First, the news that everyone already seems to know: Matt Lubick will be the next Oregon offensive coordinator. He wants the opportunity and, as Mark Helfrich well knows, he definitely deserves it.
Matt’s first game might be very interesting. The Ducks offensive play caller must match wits with arguably the best defensive coordinator in college football — Gary Patterson of TCU. I say “might” because Helfrich might call the plays in the Alamo Bowl to take the pressure off Lubick, although I very much doubt that will happen. Both the lack of confidence in Lubick and the actual play-calling would be very awkward for Helfrich. “F*** ’em, Matt. It’s your offense now!”
Now, for something that many folks don’t seem to understand: Lubick HAS to be the Ducks’ QB coach in order to be the OC. Logistically, an OC can’t be the WR coach; he needs to continually work with the QBs.
A WR coach has a limited view of the offense. Just as Frost had to change jobs, so will Lubick. For the same reason, a defensive coordinator can’t be the DB coach. Can Lubick effectively coach QBs? A great football coach can do an outstanding job coaching any position.
So the Ducks are looking for a replacement for Lubick, not Frost. But Helfrich also needs to find a WR coach who’s capable of being the next OC when Lubick leaves for a head coaching job.
Is that really necessary? Yeah, it’s pretty much a no-brainer. When Lubick signed on, I recognized he’d be the next OC when Frost left. Doing it that way sure makes for a far better transition than bringing in a new OC who has no knowledge of the personnel and how things are done.
So who does Oregon hire? That’s the big problem: There are many very knowledgeable offensive coaches out there but they’re almost all OC-QB coaches already. Most of them don’t want to give up their powerful and creative position to be a WR coach at Oregon. Frost and Lubick were unique in that they weren’t already OCs when Oregon found them.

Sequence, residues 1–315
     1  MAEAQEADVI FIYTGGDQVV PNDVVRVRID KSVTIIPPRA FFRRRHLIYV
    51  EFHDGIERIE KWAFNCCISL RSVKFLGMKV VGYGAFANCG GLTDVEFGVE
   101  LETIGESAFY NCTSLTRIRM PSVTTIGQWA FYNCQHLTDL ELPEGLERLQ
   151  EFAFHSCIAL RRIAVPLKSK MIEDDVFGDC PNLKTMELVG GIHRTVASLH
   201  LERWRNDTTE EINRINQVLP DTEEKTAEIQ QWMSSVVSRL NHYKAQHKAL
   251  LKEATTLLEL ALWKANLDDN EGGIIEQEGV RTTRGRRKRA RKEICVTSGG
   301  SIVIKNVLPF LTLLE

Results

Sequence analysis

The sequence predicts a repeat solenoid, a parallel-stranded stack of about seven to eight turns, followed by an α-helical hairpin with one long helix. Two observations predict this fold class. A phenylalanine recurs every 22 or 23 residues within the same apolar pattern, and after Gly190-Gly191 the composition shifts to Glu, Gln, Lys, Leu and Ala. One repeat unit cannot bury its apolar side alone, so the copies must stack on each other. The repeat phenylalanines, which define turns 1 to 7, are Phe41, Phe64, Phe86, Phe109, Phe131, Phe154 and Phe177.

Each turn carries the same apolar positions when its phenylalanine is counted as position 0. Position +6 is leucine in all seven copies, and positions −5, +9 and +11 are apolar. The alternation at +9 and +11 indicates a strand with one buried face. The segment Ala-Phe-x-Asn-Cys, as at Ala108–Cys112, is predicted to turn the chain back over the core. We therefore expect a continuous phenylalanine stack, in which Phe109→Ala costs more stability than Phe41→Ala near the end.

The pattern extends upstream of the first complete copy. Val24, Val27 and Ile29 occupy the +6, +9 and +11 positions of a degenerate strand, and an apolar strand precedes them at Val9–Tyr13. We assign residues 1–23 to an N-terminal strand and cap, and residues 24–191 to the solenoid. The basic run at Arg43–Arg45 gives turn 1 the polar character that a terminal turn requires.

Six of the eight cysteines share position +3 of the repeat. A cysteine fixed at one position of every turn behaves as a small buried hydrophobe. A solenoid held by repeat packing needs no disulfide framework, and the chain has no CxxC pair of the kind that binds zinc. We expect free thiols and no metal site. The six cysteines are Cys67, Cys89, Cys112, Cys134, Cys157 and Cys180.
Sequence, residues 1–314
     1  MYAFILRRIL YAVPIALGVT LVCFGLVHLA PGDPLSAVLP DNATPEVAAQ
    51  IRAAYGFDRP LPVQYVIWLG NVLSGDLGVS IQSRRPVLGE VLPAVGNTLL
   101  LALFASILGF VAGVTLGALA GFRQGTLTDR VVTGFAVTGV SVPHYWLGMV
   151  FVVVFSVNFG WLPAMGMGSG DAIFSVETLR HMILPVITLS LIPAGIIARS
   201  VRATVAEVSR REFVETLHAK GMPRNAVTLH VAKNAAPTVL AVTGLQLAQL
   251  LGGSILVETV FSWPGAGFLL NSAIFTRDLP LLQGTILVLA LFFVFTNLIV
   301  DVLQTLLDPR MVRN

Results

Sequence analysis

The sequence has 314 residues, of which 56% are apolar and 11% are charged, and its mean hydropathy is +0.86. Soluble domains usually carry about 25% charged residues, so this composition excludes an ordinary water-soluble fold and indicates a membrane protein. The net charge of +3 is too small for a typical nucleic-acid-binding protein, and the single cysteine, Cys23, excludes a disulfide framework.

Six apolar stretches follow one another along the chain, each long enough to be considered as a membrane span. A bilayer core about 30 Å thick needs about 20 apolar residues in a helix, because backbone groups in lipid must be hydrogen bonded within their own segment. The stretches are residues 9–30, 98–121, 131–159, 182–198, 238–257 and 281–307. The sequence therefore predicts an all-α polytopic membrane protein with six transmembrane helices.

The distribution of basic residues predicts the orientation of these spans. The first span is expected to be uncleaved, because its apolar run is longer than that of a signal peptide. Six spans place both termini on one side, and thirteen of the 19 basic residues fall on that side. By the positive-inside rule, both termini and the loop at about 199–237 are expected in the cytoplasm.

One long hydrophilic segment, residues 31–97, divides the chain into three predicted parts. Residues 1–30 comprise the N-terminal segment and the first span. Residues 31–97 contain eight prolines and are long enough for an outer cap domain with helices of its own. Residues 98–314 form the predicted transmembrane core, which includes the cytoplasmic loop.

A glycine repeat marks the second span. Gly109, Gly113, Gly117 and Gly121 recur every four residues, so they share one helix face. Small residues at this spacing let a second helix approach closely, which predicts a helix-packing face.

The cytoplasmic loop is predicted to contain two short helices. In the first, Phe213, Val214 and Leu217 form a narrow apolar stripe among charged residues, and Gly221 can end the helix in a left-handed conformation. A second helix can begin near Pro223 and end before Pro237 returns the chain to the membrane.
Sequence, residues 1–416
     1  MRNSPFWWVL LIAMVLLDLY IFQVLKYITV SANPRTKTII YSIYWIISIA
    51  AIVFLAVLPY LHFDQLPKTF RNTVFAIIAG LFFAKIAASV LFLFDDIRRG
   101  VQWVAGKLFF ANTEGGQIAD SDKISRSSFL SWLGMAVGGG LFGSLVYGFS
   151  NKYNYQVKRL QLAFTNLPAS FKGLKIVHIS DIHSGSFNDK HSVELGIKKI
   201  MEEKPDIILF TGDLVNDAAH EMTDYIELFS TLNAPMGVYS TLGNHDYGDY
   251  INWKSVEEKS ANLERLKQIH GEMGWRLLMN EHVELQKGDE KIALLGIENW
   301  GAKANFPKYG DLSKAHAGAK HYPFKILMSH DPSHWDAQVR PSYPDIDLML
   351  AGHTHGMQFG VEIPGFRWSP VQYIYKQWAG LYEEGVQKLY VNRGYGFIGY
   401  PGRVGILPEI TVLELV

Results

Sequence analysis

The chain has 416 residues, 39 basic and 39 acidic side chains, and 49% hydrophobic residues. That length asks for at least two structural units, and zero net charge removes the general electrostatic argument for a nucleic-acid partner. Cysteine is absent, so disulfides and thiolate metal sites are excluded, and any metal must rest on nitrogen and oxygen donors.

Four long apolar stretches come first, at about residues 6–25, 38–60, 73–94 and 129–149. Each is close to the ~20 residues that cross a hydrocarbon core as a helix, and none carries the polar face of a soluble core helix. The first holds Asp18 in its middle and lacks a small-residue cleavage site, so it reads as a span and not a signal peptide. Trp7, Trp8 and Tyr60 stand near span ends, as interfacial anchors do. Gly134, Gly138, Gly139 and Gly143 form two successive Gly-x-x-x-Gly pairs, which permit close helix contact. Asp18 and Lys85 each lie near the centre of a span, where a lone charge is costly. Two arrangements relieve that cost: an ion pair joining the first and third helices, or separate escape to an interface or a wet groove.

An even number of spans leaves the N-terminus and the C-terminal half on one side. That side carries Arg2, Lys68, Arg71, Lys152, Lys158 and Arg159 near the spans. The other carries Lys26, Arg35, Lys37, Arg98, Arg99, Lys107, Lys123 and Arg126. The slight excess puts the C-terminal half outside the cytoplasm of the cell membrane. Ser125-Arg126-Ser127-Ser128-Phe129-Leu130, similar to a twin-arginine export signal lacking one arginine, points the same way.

So Oregon probably needs an outstanding WR coach capable of being an OC-QB coach in the future. There is one potential candidate for this job who is extremely well-qualified. He knows everything about the Oregon WR techniques thoroughly — what and how they’re meant to do the things they do. He also knows the personalities and abilities of all the WRs well. And those WRs greatly respect and like him.
AND besides being extremely well-qualified to coach Oregon’s WRs, this guy knows enough about the QB position in Oregon’s offense to effectively coach it right away. He’d provide a great transition when Lubick leaves.
This coaching candidate is also very charismatic and likable, and would be an outstanding recruiter and mentor to the players. AND he’s already on Oregon’s staff.
Aw, you guessed it already. Yeah, Nate Costa seems to have everything the Ducks need for the new WR coach.
So, what’s the problem?
Helfrich would have to have against-the-grain courage to hire Costa because of Costa’s lack of experience. Nate’s still just a GA [graduate assistant]. He’s never coached at any other school, at any level. Many would say Costa’s not qualified. He hasn’t paid his dues.
Some would advocate for a new coach, to bring in new perceptions and ways of doing things — fresh eyes and ideas. But Helfrich very often praises the courage and non-traditional ways of the Oregon program.
I have no specific knowledge of what other candidates are competing with Nate Costa — or even if Helfrich considers Costa a viable candidate because of his inexperience. I’m just like most of you — enthusiastically looking forward to the next outstanding coach to join the University of Oregon Ducks’ football program.
Top Photo by Craig Strobeck
Coach Mike Morris spent 30 years coaching at seven different high schools throughout Southern California. He coached many players who went on to Pac-12 programs including Oregon, such as Saladin McCullough. He is a writer, Football analyst and a good friend of the Principal of the site.
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